Top Donors to Superintendent Candidates
Unions love incumbent Evers; corporate leaders back Holtz.
Here are the top contributors since Feb. 7 to the two candidates vying for state school superintendent in next Tuesday’s spring general election. (Top contributors from the previous campaign finance reporting periods can be found here and here.)
One of the key policy differences between the two candidates is the state’s school voucher program, which Holtz supports and Evers believes is a drain on state support to public schools.
Evers is generally supported by Democrats and Holtz is generally backed by Republicans, even though spring elections are officially nonpartisan. For instance, the latest candidate fundraising and spending reports show Evers accepted about $63,700 from unions and Democratic candidate and party committees, and Holtz accepted about $13,200 from county and congressional GOP parties and a former Republican lawmaker’s campaign committee.
Top Contributions to DPI Candidate Tony Evers since Feb. 7
MTI Voters Political Action Committee (Madison teachers union) $18,000
WEAC Region 3 PAC $10,286
Wisconsin People Conference PAC $10,000
International Brotherhood of Electrical Workers Local 494 $6,000
MTEA PAC (Milwaukee teachers union) $5,000
WEAC Region 7 PAC $5,000
WEAC Region 6 PAC $5,000
United Auto Workers State PAC $2,500
Green Bay PAC $2,500
Wisconsin Laborers District Council PAC $2,500
Plumbers Local 75 PAC $2,500
Operating Engineers Local 139 PAC $2,000
Top Contributions to DPI Candidate Lowell Holtz since Feb. 7
Richard Wilkey, of Hartland, chief executive officer of Fisher Barton $5,000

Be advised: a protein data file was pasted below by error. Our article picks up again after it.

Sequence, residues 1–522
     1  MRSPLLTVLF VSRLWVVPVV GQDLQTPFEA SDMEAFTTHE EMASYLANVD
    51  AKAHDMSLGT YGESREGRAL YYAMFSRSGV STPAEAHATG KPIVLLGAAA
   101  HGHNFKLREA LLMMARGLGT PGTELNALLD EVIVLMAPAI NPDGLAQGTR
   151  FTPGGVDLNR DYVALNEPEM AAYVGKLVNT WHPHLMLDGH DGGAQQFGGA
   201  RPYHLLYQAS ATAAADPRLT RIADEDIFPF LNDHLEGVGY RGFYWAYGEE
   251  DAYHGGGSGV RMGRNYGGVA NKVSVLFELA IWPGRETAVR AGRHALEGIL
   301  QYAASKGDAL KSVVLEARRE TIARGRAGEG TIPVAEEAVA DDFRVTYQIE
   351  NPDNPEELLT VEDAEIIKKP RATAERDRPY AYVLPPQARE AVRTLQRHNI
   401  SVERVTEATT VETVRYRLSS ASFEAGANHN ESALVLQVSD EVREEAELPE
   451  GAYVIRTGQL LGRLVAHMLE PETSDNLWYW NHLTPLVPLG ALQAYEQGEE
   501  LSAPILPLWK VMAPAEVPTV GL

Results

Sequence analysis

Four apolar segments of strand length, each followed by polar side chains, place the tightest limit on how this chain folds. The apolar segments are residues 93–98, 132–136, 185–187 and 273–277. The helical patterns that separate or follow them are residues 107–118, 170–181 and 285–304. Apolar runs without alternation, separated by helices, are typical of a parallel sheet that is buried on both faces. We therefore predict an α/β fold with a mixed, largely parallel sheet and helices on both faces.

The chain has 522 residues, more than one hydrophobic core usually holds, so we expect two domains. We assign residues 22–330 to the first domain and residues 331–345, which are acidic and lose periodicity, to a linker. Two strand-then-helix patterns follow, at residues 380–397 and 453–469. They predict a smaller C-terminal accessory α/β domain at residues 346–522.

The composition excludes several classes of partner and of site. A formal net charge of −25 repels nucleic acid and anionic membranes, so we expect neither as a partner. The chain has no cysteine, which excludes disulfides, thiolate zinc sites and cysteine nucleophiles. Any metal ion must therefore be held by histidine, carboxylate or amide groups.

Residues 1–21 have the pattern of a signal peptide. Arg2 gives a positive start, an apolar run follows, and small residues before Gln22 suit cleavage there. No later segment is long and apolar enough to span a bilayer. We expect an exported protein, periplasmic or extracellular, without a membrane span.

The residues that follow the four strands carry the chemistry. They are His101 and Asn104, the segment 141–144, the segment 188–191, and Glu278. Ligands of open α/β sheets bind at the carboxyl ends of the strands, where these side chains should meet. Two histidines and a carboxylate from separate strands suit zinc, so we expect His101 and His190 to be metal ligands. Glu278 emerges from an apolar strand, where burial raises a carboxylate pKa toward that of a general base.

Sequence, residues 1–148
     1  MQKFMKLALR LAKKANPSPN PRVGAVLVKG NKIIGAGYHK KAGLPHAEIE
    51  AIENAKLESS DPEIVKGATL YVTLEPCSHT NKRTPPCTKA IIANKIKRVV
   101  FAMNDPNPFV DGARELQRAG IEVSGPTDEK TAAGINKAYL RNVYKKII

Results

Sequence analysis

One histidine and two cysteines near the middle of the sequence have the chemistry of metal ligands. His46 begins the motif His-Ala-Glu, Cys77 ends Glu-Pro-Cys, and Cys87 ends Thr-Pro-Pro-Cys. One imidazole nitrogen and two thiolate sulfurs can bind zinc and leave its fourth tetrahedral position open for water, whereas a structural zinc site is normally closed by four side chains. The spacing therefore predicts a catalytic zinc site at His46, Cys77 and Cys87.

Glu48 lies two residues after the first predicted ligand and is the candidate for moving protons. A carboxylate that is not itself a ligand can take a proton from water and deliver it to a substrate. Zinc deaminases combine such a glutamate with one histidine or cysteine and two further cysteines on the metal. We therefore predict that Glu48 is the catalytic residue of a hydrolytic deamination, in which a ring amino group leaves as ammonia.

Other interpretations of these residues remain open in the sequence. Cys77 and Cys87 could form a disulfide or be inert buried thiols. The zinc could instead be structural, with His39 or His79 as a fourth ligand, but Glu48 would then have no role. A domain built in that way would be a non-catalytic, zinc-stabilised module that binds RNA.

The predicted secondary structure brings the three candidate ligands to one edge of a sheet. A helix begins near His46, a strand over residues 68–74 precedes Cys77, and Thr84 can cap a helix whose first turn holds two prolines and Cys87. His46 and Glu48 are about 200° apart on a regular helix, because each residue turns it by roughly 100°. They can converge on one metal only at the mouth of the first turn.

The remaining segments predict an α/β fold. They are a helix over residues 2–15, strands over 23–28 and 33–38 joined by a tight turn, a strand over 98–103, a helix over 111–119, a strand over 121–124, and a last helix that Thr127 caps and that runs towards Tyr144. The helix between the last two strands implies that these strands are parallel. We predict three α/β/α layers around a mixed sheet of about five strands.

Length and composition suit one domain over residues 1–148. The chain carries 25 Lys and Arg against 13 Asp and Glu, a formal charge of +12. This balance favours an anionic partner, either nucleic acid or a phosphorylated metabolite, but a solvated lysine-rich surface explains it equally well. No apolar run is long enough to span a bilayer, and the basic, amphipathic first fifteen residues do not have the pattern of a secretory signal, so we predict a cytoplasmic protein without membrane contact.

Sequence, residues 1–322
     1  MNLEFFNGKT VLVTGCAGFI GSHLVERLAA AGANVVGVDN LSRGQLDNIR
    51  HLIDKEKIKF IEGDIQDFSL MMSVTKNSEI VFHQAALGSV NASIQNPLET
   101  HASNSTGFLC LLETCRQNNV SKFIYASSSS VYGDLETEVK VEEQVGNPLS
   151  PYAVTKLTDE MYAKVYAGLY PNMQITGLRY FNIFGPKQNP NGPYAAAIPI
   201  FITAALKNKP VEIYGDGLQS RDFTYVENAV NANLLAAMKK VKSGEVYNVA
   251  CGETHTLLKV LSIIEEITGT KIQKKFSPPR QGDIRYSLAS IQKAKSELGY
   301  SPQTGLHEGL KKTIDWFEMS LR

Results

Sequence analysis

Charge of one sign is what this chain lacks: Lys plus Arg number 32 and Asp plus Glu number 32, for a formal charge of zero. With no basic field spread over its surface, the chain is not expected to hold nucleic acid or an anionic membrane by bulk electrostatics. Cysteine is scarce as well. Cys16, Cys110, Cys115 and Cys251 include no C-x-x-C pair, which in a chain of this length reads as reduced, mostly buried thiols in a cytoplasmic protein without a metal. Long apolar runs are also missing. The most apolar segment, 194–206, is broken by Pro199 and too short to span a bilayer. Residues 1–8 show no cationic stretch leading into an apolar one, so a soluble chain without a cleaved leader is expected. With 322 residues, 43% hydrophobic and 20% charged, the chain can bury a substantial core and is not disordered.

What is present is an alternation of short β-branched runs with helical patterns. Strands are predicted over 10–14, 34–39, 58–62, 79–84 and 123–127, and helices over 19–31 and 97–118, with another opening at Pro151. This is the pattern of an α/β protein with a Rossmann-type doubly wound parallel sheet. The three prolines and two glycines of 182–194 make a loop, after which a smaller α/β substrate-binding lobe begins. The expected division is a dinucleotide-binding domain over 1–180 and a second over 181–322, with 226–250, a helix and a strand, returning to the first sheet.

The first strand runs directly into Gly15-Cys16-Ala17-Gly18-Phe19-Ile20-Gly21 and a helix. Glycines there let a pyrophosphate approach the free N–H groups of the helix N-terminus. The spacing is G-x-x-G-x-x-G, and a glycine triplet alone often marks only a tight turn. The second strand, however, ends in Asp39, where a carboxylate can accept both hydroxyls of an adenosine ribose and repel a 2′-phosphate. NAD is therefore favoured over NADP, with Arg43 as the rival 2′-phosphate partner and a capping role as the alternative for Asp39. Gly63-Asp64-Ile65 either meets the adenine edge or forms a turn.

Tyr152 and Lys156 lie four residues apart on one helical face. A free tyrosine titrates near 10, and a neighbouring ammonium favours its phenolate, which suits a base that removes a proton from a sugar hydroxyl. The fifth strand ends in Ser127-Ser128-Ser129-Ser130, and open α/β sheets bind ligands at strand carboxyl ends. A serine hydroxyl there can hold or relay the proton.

Milwaukee County Republican Party $5,000
Steven Einhorn, of Milwaukee, president of Capital Midwest Fund $5,000
Donald Utschig, of Appleton, owner of Limelite Premium Fusion Beverage $4,000
Duane Foulkes, of Beaver Dam, owner of Apache Stainless Steel $2,500
Oneida County Republican Party $2,500
Paul Schierl, of Green Bay, president of the Cornerstone Foundation $2,500
Jere Dhein, of Green Bay, owner of Tosca Ltd. $2,000
The employer information for these large donors was added by the Wisconsin Democracy Campaign because new campaign finance laws effective last year no longer require candidates to make that contributor information available to the public. Previous state law required candidates to identify the employers and occupations of individuals who contributed more than $100 annually. Now, candidates only have to identify a large contributor’s occupation, which usually amounts to meaningless references, such as owner, president, or executive.
To view how much the candidates have raised and spent, as well as the candidates’ top contributors for the entire election cycle, please visit the Campaign 2017 feature on the Democracy Campaign’s website.